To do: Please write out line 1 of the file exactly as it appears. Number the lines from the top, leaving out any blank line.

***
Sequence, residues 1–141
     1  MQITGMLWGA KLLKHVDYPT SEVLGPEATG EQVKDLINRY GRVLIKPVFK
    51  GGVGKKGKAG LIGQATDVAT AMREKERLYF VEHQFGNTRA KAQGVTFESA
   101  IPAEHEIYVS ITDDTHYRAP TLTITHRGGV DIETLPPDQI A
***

Sequence, residues 1–141